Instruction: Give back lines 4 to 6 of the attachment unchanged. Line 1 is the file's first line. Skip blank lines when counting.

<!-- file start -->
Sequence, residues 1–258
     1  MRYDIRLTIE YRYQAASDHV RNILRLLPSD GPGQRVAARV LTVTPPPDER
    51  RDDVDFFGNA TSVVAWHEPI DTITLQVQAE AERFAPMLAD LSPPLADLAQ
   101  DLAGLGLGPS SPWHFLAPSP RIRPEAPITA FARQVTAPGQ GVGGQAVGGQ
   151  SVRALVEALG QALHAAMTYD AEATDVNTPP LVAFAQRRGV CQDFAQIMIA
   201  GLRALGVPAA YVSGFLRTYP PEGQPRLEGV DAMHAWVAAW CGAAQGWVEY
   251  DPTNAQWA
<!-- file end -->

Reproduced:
   101  DLAGLGLGPS SPWHFLAPSP RIRPEAPITA FARQVTAPGQ GVGGQAVGGQ
   151  SVRALVEALG QALHAAMTYD AEATDVNTPP LVAFAQRRGV CQDFAQIMIA
   201  GLRALGVPAA YVSGFLRTYP PEGQPRLEGV DAMHAWVAAW CGAAQGWVEY